Ferro’s next title for The Thomas Crown Affair, also directed by Jewison in 1968, introduced multi-screen effects for the first time in any feature motion picture and defined a cinematic style of the late 1960s. Jewison had seen a Beachnut Gum commercial in which Ferro used the multi-screen technique and wanted it done for his own title sequence. Yet towards the end of editing the movie Jewison realized that the title and the film itself was much too long. He was desperately searching for a way to edit out much as twenty minutes when Hal Ashby, the film editor on Thomas Crown, suggested that Ferro take a stab at editing a key sequence using the same multiple screen technique in order to speed up the narrative flow. “Hal said ‘Don’t cut it out, cut it up,’” Ferro explains about the novel way in which he used contiguous frames to compress the action, which became the stylistic character of the film. Ferro cut a key scene known as the polo sequence into twenty or thirty simultaneous frames reducing the time from six minutes to around 40 seconds. But in addition to compression, certain important character traits were brought out by the way in which he designed and paced the multiples. By focusing in on clothes, for instance, Ferro underscored the wealth and sophistication of the people in the specific scene.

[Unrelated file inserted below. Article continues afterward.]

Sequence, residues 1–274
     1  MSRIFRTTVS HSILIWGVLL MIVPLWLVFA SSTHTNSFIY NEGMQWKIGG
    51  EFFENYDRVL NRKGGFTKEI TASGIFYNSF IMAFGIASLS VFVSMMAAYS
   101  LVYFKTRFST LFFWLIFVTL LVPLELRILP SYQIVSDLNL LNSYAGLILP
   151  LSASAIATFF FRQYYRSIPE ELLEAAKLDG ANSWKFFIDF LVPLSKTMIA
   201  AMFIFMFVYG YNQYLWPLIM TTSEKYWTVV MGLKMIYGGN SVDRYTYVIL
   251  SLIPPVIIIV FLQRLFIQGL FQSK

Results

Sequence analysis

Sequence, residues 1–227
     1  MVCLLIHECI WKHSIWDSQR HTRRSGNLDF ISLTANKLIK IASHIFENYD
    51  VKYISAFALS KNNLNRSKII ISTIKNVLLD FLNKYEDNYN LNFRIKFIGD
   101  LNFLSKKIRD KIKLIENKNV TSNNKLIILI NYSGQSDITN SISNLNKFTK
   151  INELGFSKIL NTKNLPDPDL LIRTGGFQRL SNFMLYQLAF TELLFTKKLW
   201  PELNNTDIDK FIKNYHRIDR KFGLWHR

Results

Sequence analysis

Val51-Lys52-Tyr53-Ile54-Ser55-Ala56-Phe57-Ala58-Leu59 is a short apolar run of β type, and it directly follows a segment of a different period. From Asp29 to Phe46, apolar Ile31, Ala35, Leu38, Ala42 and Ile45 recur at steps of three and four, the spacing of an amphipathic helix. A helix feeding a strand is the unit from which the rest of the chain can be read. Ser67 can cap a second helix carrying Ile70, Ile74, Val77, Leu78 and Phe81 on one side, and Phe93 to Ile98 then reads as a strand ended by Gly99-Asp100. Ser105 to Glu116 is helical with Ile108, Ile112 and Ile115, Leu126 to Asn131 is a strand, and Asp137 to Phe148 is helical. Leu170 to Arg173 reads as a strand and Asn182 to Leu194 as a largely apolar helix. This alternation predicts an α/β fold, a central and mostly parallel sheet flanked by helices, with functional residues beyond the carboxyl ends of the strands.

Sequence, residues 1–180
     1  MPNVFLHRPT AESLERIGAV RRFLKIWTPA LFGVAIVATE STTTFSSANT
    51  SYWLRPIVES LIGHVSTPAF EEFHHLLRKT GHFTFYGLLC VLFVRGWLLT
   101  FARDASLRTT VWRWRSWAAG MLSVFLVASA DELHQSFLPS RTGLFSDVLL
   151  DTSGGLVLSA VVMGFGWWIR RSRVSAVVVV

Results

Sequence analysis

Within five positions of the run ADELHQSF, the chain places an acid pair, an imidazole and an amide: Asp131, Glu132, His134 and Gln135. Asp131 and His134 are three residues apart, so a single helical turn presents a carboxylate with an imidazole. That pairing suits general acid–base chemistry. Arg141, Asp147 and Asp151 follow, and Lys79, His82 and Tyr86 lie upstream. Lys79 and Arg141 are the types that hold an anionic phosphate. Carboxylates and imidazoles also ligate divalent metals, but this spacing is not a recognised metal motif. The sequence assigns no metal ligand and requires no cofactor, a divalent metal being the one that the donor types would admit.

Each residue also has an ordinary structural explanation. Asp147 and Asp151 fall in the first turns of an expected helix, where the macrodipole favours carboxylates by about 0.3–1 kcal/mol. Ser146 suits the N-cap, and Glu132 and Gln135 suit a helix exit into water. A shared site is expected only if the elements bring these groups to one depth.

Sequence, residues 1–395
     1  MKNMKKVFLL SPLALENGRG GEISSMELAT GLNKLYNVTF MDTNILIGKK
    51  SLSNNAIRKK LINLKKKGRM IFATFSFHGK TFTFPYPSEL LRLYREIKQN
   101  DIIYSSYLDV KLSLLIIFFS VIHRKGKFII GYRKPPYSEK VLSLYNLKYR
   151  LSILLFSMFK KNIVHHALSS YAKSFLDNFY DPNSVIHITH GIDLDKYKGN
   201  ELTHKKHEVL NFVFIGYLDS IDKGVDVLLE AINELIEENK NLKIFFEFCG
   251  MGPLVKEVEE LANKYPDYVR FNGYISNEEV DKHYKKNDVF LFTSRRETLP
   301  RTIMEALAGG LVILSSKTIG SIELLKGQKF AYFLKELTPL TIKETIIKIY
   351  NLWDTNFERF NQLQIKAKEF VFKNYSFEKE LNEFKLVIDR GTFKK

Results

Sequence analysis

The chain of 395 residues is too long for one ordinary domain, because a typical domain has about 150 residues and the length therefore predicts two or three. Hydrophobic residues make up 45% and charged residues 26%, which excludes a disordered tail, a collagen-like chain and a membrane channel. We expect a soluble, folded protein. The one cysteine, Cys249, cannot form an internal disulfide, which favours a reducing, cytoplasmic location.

“Jewison and Ashby went Wow!,’ recalls Ferro who then was then told to cut the scenes, including two robbery sequences, the polo sequence, and the main title, to the exact time that was necessary. The Thomas Crown Affair won an Academy Award and served as a model for other films of that era (remember Woodstock?). It also convinced Steve McQueen, who starred in and produced the film, to hire Ferro to do titles for his next movie, Bullitt, which launched an uninterrupted thirty-year string of title and trailer commissions. – Steve Heller: “Quick Cuts, Coarse Letters, Multiple Screens”
The images displayed on this page are recent additions to The MOVIE TITLE STILLS COLLECTION, a website containing screen captures of titles from feature films. Regular titles as well as some ending credits and titles from trailers.